Just so, it’s assumed we know where the “north pole” and “Greenwich Meridian” of a sphere are. Or the 0 degree phi and zero degree theta of spherical coordinates or…, well, there are lots of books to look up the other arcane two-D-on-a-spherical-surface-coordinate systems.

I find your last statement odd, though. Zero is an edge? At best it’s a point, but I suspect that’s why you put a question mark after that.

More precisely, the zero degree line is a boundary, I would think. If so, then the answer can’t be the surface of a sphere?

Oops, just saw your response, CM.

The “surface of a sphere” as the OP imagines it is a two dimensional manifold (the surface) embedded in a three dimensional manifold (the space the sphere is in). Basically, there are some properties of the “sphere” concept that depend on how it is embedded in the larger space, but there are also a whole bunch of properties of the sphere that don’t depend on the embedding at all.

This is related to the perennial question about General Relativity: “If space is curved, does that mean that there’s some bigger, higher-dimensional space that space is curved into?”, to which the answer is “maybe, maybe not – the equations of GR depend only on those properties of space that aren’t dependent on how space is or is not embedded in some hypothetical bigger manifold, so even if there was a bigger space to be seen, we couldn’t observe it”.

There’s no line on the surface of a sphere. It’s an area, so the surface has two dimensions. Which may be the best way to explain it, a line segment has length, that’s one dimension, and the same applies to the perimeter of a circle. A sphere has three dimensions, but it’s surface only has two.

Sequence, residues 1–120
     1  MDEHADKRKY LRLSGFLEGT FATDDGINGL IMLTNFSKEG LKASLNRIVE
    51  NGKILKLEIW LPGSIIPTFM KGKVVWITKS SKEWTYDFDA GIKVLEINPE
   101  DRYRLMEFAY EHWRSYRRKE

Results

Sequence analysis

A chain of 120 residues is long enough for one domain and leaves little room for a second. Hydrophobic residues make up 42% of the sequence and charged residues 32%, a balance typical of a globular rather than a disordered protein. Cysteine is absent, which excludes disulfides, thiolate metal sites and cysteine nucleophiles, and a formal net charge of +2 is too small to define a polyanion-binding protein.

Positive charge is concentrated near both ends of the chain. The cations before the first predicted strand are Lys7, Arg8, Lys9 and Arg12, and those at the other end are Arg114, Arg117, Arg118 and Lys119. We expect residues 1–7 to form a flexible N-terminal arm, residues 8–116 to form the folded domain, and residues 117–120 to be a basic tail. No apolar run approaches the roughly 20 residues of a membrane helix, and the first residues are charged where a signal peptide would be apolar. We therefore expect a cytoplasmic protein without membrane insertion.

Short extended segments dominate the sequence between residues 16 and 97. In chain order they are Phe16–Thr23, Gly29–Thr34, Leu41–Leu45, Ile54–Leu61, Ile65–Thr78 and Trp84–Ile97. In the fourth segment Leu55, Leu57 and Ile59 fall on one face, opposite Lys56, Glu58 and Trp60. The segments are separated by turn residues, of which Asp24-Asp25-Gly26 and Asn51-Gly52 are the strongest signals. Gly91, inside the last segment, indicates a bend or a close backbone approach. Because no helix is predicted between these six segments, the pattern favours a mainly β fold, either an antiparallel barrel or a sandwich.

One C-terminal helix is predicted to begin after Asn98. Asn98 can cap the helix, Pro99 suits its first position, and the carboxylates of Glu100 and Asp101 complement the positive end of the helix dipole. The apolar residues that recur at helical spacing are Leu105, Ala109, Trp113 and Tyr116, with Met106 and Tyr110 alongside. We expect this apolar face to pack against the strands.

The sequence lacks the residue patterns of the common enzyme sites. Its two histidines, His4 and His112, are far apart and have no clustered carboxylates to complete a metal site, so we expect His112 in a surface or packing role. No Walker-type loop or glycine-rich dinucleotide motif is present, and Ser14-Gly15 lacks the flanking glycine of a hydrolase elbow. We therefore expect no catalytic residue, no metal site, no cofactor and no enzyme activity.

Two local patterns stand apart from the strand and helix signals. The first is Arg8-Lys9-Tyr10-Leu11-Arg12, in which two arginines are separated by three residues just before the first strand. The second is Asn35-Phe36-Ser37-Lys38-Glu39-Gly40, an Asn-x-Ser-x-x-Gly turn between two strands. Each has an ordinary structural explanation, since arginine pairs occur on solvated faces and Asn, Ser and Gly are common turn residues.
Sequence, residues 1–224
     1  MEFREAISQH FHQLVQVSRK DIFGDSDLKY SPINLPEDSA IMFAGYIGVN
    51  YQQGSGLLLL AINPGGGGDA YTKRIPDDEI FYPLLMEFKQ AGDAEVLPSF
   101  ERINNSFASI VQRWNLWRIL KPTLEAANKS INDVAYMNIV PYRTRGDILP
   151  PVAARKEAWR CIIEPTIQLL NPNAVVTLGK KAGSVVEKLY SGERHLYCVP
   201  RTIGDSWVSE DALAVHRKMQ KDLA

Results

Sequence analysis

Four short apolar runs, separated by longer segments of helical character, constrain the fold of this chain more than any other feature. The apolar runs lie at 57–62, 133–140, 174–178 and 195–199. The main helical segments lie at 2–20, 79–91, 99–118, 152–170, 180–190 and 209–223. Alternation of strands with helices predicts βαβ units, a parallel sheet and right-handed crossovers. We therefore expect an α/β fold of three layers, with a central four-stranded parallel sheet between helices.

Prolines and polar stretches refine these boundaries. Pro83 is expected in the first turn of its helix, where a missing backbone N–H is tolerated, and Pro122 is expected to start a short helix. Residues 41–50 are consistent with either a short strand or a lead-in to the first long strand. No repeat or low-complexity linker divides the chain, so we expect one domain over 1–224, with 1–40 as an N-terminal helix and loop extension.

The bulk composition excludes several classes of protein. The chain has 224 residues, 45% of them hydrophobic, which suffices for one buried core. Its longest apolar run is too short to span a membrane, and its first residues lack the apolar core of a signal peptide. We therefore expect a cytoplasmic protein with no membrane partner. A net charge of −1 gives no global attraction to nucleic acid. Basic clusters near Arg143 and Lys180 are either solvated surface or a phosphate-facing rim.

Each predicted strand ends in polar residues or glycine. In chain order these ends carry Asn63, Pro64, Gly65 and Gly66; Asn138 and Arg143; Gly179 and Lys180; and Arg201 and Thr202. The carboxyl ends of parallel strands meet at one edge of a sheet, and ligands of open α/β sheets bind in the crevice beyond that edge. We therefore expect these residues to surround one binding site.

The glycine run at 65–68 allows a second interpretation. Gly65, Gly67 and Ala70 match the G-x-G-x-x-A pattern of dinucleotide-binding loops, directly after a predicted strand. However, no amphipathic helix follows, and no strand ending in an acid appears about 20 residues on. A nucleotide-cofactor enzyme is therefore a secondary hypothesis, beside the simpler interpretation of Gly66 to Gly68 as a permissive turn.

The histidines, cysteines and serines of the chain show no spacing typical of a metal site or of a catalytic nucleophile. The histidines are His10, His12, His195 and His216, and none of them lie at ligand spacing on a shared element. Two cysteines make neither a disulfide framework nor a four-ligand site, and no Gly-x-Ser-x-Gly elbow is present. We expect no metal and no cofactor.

Nitpick : Latitude, Longitude and Altitude/Depth are needed to specify a place on earth. Sometimes Altitude is just assumed to be the surface but it need not be so.

A ship and submarine could have the same Lat/Long - and yet be far away.

That’s certainly not an edge of the sphere. What it is is an interesting part of the coordinate chart you use you describe the sphere. If we picked another great circle to be zero degrees, or even another form of coordinate system entirely, you wouldn’t have done anything important to the sphere itself, just to your description of it.

Yes, but here you’ve strayed well beyond the OP’s constraint of the surface of a sphere.

Since you can define a one to one relationship between all of R2 and the real line, can you claim a sphere is 1 dimensional?

THere are an infinite number of finite two dinensional surfaces without edges/boundaries, aren’t there? Not just spheres, but all manner of ovoids and tori, correct? A Klein bottle would seem to qualify, as well.

And that’s before we get to the innumberable irregular 2D surfaces without edges. Heck, the surface of a human body (put on a bodysuit for an easier visual) would meet the condition.

No, because (speaking colloquially) you can’t do so in such a way that points on the sphere that are close to one another always have (single) coordinates that are close together. This issue is discussed in the thread What is a “Dimension”?

If you’re looking at topological equivalence, there really aren’t that many possible edgeless surfaces. These are categorized by whether they are orientable or not, and a non-negative integer called the “genus” of the surface.

[li]The sphere is an orientable manifold of genus 0.[/li][li]The torus is an orientable manifold of genus 1[/li][li]The Klein bottle is a non-orientable manifold of genus 2.[/li][/ul]

Basically the orientable surfaces of genus n, where n>= 0, and the non-orientable surfaces of genus k where k >= 1 comprise all there there is.